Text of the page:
2. Jon Wright says:

    I have had more “adults” interrupt me half way through a thought and I simply want to say what my parents told me, “dont interrupt an adult while he is speaking…even if you are going to pea in your pants” (my dad’s rendition). Apparently, the rules that we were subjected to from kindergarten through middle school are void after 18. Perhaps life is a habit that takes hold, but it becomes more and more inconvenient to accommodate others’ desires such as finishing a thought or having an intelligent conversation without interruptions. Perhaps as we go through life, things we knew were wrong we now justify because we become hardened to them (such as throwing fruits at the unknowing, though perhaps not innocent). Oh&would that be true of sin in a persons life? Hmmm&

  3. sarah says:

    who in the heck is gonna comment after that??just because people do MORE inconsiderate stuff doesn’t mean the little inconsiderate stuff is ok. that’s like — your sin is worse than my sin, so i’ll just keep it up.

  4. Derek Lidbom says:

    Jon,Sorry about your truck. That stinks.However, I wouldn’t consider suicide a possible habit, by pure definition of a habit. Although you could argue that some cults can have a “habit” of suicide, that’s not what I was talking about.I don’t follow the counter argument that you propose those who smoke might make. How would not smoking make me “more inconsiderate with time to those who do smoke”?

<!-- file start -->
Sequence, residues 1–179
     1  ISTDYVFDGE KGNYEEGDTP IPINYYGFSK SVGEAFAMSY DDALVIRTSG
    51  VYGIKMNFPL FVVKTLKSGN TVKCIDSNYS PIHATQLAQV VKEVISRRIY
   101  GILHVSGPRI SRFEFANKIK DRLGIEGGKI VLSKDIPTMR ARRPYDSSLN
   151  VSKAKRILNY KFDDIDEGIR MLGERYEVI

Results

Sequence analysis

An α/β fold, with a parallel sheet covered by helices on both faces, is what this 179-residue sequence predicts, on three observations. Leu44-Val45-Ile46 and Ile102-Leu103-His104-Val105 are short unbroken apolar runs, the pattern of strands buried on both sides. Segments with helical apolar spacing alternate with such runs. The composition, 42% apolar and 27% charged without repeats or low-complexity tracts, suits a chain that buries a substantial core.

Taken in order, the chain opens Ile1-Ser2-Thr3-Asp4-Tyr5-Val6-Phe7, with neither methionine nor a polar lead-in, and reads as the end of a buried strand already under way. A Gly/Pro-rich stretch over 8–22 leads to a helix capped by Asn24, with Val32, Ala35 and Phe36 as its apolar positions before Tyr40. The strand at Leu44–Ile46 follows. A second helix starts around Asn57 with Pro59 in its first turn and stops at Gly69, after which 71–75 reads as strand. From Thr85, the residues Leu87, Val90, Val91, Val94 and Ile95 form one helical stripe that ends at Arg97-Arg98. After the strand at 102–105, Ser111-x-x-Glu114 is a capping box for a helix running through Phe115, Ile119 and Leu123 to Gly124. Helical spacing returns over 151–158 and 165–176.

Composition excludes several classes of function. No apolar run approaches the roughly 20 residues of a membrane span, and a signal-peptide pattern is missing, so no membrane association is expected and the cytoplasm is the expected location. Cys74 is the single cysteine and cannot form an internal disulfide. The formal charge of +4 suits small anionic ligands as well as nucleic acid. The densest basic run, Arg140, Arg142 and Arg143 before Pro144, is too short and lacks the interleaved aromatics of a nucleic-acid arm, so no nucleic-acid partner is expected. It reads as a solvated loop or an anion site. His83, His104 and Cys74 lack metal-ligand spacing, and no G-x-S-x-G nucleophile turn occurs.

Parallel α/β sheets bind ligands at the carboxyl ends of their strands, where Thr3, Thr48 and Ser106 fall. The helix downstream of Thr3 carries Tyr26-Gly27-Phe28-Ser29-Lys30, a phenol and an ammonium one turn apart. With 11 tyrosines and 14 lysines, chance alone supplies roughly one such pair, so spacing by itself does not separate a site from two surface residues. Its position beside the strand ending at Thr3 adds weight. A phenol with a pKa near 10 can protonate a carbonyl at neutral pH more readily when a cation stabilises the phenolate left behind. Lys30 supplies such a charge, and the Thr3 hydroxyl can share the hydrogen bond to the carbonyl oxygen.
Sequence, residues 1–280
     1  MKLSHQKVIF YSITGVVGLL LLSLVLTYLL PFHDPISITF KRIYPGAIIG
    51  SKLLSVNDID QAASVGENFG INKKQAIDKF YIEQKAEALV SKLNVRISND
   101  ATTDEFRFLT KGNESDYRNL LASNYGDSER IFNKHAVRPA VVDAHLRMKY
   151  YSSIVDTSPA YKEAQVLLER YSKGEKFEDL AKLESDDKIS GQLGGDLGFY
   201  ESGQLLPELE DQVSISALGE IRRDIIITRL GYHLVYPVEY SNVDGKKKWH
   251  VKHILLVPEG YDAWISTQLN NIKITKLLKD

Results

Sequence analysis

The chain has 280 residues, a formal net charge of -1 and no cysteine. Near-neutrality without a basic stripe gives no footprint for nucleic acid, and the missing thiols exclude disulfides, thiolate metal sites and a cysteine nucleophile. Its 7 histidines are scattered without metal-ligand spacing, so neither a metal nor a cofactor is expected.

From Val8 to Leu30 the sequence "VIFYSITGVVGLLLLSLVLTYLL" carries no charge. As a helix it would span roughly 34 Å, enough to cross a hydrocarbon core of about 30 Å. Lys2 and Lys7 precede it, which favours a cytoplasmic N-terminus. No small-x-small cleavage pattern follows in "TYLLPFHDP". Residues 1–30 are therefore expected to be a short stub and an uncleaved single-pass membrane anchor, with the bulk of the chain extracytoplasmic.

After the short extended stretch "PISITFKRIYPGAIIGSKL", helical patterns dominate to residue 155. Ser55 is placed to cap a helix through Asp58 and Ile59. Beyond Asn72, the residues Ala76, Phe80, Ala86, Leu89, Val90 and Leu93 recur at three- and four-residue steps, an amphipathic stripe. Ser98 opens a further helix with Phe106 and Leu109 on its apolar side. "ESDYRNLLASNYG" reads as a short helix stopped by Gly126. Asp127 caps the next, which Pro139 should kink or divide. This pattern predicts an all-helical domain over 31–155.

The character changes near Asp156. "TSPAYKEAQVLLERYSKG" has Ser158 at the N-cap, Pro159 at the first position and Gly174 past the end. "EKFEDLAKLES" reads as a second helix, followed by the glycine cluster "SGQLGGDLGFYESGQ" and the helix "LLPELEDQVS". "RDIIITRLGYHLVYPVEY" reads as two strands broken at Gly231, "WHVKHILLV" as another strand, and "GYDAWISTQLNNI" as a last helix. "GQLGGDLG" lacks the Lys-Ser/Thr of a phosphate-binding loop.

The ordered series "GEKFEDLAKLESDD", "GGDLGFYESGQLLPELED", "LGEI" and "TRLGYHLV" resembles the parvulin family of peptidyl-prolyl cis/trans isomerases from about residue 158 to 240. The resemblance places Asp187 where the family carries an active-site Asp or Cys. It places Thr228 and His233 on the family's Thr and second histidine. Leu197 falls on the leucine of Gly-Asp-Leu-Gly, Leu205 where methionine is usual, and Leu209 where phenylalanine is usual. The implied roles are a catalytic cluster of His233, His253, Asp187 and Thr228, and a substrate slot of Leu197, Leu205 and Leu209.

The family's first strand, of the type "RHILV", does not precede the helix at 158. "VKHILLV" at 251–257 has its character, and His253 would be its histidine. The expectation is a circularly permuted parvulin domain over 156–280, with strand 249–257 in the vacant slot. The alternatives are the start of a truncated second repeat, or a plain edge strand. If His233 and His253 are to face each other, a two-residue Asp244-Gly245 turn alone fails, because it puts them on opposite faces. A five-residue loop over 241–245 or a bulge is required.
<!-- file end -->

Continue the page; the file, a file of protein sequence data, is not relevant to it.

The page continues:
5. Jon says:

    Multiple follow-up:to sarah: “if it’s a RELATIVE issue…”I just think that “habitual” suicide is inconsiderate. :)to Derek: The argument I typically receive from pro-smokers is that the anti-smoking group imposes themselves upon the rights of smokers just as much as smokers imposing themselves on the rights of non-smokers. I just wonder if this is valid logic.”A smoking area in a restaurant is like a pee-ing area in a pool.”- Marti Mills (a student)

  6. Derek Lidbom says: